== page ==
More people using food banks in North Yorkshire 'than were in the workhouse' 130 years ago

More people were receiving emergency food aid in North Yorkshire last year than were inmates in the county’s workhouses 130 years ago, it has emerged.

Bread and dripping for lunch at the Workhouse Museum in Ripon Picture: Mike Cowling

A thought-provoking report by North Yorkshire’s director of public health Dr Lincoln Sargeant draws parallels between the extreme poverty of the 19th century - which drove people to workhouses - with present day poverty.

It is estimated around 6,450 people in North Yorkshire received emergency food aid in 2018/19.

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In contrast on census day, April 5 1891, there were 1,511 “pauper inmates” in the North Riding, a rate of 4.3 per 1,000 population - compared to the 10.5 per 1,000 population, which today relies on food packages.

Hanging out the washing in the workyard at Ripon Workhouse museum

Dr Sargeant said while people’s health had in many ways improved from the workhouse era “there is still a striking similarity between poverty in the past and poverty today - they are still largely due to unemployment and low household income.”

Estimates suggest around 92,000 people in North Yorkshire fall into the Government’s definition of poverty - which is a household with an income 60 per cent less than the average.

Although poverty can be found anywhere in the county, statistics show that nine of the 11 areas which are among the most deprived in England are in Scarborough.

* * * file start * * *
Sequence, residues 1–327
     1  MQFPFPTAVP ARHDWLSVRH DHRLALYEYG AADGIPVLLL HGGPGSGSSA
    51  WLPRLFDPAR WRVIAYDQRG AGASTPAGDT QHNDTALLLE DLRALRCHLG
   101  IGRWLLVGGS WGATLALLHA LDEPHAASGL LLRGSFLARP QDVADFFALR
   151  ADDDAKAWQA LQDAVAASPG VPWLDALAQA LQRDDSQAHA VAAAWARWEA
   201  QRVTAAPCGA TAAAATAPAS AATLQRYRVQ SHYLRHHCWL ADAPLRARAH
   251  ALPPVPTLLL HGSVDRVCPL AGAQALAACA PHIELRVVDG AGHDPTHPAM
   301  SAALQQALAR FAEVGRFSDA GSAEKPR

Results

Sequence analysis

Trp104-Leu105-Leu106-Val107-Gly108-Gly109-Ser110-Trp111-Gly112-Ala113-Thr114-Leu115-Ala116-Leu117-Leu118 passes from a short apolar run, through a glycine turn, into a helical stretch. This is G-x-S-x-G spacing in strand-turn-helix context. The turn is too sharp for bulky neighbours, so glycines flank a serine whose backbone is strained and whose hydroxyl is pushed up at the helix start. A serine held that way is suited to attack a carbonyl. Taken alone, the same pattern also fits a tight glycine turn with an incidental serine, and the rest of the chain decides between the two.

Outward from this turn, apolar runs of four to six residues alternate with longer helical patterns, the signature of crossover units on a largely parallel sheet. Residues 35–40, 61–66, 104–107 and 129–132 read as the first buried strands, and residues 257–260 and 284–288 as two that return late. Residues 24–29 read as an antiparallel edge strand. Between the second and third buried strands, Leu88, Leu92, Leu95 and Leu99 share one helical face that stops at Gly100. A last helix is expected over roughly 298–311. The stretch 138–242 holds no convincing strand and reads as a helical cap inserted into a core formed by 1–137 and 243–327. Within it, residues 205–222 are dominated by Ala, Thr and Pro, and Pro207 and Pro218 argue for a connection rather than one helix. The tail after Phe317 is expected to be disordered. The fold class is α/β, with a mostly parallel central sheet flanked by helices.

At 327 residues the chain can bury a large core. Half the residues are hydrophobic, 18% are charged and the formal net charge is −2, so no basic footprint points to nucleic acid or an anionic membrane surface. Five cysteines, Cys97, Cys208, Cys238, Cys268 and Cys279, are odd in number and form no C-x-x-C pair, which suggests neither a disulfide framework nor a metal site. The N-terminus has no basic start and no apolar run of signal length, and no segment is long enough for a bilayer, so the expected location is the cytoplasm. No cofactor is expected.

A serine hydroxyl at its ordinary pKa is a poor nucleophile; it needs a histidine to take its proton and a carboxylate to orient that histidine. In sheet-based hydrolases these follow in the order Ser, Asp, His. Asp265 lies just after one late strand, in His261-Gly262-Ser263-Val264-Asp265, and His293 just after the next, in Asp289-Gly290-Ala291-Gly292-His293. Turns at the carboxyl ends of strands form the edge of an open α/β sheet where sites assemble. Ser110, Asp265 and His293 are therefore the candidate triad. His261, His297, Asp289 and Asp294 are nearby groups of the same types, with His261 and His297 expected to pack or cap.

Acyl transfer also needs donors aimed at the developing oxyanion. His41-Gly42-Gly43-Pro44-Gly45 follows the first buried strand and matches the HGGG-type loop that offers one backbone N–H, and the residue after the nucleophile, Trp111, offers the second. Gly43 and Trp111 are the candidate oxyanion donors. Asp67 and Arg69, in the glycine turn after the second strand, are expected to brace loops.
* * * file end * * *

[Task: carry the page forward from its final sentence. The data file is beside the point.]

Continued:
Dr Sargeant said the rise of food banks “indicates a re-emergence of destitution where people lack sufficient income to meet their basic needs.”

In-work poverty is another factor, with data showing “that some of those who find themselves needing to rely on the compassion of others are in full-time employment”.

Dr Sargeant said: “They are hard-working, conscientious citizens who nevertheless find that they cannot make ends meet despite their best efforts.”

Life expectancy is, however, much better than in 1891, when in England a man could expect to live to just 44 and a woman to 48.

In North Yorkshire it is now 79.6 years for men and 83.1 for women. However there is huge variation across the area with Scarborough having the lowest life expectancy and Hambleton the highest.

Dr Sargeant said generally health in North Yorkshire was positive: “Generally I think we have been making the right choices and investments, but overall we have to be mindful that averages hide some important extremes and we should not be complacent.”

The annual report makes nine recommendations - including trying to raise incomes in deprived areas through supporting people into work and helping them access the benefits to which they are entitled.

Working with Local Enterprise Partnerships and City Region deals to promote rural growth is also suggested.